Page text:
Comparing Presidents, Real GDP per Capita and a Look at the Business Cycle as an Explanation for the Performance Discrepancy – Part 2
This is a follow up to my post looking at real gdp per capita while trying to take into recessions.
Recall – I tried to account for recessions because our friends on the right (plus one very annoying troll) felt recessions skewed things. I personally disagree – as I noted, among other problems with this idea, a President with lousy economic policy is more likely to have a recession, more likely to prolong it, and more likely to make it worse than a President with better economic policies. But I decided to try anyway. In that post, I looked at real GDP per capita, and I ignored any increases in debt, as that makes Republicans look bad. I also removed the 8 quarters following a recession – my assumption was that, because the GW administration keeps talking about how things have gone since Q3 of 2003, about 2 years after the last recession (so far) ended, that a lag time might be needed.
Several readers have voiced the opinion that the 2 year lag should come out. So here are the results with the 2 lag removed. (I’ve improved the table since the previous post… it now shows the weighted (by quarter) average growth rates for each President and for each party.
So what changed? Now, we show JFK/LBJ at the top, followed by Reagan. Nixon/Ford and Carter are essentially tied at 0.71% growth per quarter – Nixon/Ford win out at the third significant digit. Then Clnton. Then Bush. Then GHW. Then Ike.
As before, Americans spend more time in recession when Republicans are in office than when Democrats are in office (76.47% v. 93.75%). Despite that, leaving out the recessionary periods, growth is still faster, on average, under Democrats than under Republicans, 0.70% versus 0.43%.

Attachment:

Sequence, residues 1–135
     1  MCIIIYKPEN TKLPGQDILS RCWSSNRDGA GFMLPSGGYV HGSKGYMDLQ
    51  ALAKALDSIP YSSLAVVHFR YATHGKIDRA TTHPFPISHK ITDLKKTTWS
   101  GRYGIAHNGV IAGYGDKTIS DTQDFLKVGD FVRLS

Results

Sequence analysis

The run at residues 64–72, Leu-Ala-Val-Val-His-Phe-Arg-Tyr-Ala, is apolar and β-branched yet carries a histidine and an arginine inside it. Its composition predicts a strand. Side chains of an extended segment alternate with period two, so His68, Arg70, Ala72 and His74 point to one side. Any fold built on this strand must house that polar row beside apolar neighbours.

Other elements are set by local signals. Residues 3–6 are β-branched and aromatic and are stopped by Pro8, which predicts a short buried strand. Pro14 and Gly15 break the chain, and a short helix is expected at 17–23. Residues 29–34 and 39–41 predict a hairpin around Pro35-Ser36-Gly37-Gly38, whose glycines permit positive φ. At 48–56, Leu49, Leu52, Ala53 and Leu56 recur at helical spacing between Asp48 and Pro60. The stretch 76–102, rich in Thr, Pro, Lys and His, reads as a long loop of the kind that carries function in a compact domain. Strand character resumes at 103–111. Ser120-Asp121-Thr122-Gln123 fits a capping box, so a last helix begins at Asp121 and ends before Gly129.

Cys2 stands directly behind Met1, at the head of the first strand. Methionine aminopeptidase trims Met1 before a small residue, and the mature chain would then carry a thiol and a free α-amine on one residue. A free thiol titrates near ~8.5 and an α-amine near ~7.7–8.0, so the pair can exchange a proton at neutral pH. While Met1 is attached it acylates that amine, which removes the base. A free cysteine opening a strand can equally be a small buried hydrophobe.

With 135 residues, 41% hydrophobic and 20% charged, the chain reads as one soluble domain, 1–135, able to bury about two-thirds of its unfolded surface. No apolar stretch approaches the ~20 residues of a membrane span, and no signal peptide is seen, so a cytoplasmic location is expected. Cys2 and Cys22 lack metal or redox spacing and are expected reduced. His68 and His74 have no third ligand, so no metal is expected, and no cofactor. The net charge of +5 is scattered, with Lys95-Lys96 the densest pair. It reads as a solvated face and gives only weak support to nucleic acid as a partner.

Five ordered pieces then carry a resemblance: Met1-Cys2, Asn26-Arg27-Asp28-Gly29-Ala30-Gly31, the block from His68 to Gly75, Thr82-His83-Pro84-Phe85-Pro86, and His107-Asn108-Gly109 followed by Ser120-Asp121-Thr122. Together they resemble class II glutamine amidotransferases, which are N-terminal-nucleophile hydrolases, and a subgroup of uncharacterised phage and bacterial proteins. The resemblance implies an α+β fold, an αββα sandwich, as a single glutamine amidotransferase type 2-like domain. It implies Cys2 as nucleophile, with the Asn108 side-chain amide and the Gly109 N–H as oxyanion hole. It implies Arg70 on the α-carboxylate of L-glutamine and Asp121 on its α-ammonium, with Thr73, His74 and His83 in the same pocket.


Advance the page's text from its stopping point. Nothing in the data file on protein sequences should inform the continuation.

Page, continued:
And its not a matter of out a laggard. Leaving out Ike, the Republican growth rate is 0.62% per quarter. Leaving out both Ike and GHW, its 0.67%.
End result… if you pick a series that doesn’t account for debt, and you leave out recessions that may have been caused by the guy in office, and you ignore the story line the GW administration is peddling, you can show that Republicans underperformance on the economy is not quite as bad as if you do none of these things.
I hope we can reach the following conclusions…
1. the economy does not perform as well when the President is a Republican than when the President is a Democrat
2. The difference is not due to
d. The business cycle
e. the Fed, which in fact seems to favor Republicans
So what’s left? From what I can tell, what’s left is policy or coincidence. And given the number of series I’ve looked at so far, the coincidence explanation seems to be somewhat frayed. And I realize to some, the idea that policy is the explanation is unpleasant. Which brings us to Arthur Conan Doyle and the words he wrote for Sherlock Holmes: “Once you eliminate the impossible, whatever remains, no matter how improbably, must be the truth.”
Note… all sources of data used in this post are described here, in the earlier post.